Australia 1855 – 1917
The Pool of London (Barges, Pool of London)
oil on canvas
signed and dated 'F. McCubbin/ 1907' lower left
49.0 (h) x 75.0 (w) cm
McCubbin had made sketches of London and the Thames during his stay there in 1907 (cat 6), but it is not known whether he painted this work (on a French canvas) in London or after his return to Melbourne on 18 November. In the distance, surrounded by haze, is the looming dome of St Pauls cathedral. To the left are smoking chimneys. In the foreground there are barges, including a bargeman bent over at work, suggesting the busy commercial activity in this part of the Thames. McCubbin used a low viewpoint to paint the scene, allowing him to make the most of the water’s reflections.
The Pool of London was originally the stretch of the Thames which formed the south side of the City of London. The Upper Pool consisted of the section between London Bridge and Tower Bridge, looking across to the Tower of London. McCubbin’s viewpoint, however, with St Pauls in the distance, is likely to have been slightly closer to Westminster, on Bankside, somewhere between Blackfriars Bridge and London Bridge.
In London, McCubbin was particularly impressed by the work of Turner. He wrote to his wife on 19 July 1907: ‘I went yesterday with Fullwood and G. Coates and Tom Roberts for a ramble … to the Tate Gallery—a beautiful freestone building facing the river—[we passed] through a portico into the Gallery where the lately found Turners are exhibited—these are not like the greater number of pictures in the National Gallery—they represent his different periods, but are mostly in his latest style, when he had realised the quality of light (Mackenzie 1990, p 259).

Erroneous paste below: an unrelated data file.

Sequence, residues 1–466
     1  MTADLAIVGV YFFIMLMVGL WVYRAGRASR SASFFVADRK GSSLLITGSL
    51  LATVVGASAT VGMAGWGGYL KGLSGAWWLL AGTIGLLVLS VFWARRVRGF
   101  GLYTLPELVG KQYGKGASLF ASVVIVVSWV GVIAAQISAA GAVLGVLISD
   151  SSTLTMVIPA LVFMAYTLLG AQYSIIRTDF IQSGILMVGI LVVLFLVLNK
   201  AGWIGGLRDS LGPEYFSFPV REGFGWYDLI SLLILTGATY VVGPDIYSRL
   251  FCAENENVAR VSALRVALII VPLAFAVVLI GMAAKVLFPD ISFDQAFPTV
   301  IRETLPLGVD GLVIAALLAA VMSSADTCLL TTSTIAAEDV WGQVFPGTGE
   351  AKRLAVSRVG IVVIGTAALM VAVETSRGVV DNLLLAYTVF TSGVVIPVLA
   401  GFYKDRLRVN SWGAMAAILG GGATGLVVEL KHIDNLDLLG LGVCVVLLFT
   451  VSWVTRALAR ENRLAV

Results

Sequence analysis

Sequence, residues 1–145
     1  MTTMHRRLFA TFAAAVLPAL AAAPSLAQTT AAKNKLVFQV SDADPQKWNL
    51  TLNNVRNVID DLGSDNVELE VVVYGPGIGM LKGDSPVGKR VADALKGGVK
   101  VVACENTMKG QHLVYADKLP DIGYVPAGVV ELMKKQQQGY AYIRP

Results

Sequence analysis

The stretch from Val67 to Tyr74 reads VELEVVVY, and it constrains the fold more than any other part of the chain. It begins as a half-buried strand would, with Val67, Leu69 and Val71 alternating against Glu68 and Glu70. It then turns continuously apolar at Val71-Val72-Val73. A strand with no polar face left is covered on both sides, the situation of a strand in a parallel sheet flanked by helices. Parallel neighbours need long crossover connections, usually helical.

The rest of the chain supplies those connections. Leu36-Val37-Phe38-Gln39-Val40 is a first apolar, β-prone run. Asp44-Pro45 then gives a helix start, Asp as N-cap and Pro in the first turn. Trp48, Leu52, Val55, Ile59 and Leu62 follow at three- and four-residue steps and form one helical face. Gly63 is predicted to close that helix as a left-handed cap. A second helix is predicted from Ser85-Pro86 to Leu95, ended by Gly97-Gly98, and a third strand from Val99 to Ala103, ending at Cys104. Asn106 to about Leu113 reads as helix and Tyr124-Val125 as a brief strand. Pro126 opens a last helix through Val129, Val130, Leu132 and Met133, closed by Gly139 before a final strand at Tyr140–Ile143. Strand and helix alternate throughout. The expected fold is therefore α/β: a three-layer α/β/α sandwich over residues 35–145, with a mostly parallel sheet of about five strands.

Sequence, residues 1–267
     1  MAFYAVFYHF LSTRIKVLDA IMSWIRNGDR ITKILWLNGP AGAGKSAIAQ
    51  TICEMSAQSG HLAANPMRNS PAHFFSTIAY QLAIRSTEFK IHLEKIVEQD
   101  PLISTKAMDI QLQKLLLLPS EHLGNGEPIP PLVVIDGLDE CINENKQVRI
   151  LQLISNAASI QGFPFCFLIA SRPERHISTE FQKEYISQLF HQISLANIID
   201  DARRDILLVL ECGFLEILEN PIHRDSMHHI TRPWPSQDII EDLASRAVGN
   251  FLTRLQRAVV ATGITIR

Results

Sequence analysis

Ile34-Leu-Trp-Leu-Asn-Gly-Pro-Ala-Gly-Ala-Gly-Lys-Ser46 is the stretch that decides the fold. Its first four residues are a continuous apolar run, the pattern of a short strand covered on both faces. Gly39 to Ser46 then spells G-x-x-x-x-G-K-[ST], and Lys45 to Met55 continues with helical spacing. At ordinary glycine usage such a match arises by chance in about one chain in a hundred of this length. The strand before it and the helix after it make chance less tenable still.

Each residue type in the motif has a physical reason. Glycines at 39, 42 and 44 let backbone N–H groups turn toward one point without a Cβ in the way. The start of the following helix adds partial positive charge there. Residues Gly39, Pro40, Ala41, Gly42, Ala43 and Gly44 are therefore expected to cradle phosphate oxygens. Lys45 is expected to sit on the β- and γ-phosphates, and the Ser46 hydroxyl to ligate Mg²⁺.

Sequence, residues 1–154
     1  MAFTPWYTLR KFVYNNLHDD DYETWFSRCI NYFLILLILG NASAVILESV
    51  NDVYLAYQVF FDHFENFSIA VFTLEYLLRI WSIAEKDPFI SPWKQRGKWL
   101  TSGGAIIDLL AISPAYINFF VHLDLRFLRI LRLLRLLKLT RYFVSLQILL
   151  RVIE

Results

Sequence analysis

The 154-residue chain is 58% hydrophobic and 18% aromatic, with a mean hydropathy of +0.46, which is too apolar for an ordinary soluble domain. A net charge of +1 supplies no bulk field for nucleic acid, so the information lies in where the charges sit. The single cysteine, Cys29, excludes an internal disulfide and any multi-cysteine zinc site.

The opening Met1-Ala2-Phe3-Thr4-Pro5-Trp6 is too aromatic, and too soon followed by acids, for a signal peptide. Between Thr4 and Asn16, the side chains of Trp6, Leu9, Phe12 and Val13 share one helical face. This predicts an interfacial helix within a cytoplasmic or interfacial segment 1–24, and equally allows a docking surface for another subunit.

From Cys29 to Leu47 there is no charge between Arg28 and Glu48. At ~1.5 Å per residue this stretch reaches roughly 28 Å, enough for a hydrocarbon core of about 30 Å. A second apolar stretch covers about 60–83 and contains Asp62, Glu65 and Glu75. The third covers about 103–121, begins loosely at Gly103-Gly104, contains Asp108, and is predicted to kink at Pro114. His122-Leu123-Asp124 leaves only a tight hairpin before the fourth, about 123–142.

In The Pool of London McCubbin paid homage to Turner, and to Turner’s images of the water and buildings in Venice. Like Turner, he painted this work with opalescent colour, glorying in capturing the diffused London light. While in London he had observed that the light was not as strong as in Australia: ‘we have more colour in our landscape than they have in England and more light, the trees so often look black’ (Mackenzie, p 256). Here, McCubbin captured the muted blues, reds, purples, pinks, and ochres of smoggy industrial London, so different from the green pastures of Australia.
In McCubbin’s choice of subject, as Patrick McCaughey has observed, there was also a link to Turner, and Turner’s childhood as described by John Ruskin:
‘That mysterious forest below London Bridge’ … how he must have tormented the watermen, beseeching them to let him crouch anywhere in the bows, quiet as a log, so only that he might get floated down there among the ships and round and round the ships, and with the ships, and by the ships, and under the ships, staring and clambering—these the only quite beautiful things he can see in all the world, except the sky (McCaughey 1979, p 64).